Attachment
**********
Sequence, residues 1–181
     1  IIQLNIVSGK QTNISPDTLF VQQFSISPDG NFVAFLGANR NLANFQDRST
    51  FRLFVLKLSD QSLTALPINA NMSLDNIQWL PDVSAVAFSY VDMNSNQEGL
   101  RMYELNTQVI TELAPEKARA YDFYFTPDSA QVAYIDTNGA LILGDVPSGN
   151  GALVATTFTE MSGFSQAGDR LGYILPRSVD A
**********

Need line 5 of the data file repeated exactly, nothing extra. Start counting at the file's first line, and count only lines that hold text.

   151  GALVATTFTE MSGFSQAGDR LGYILPRSVD A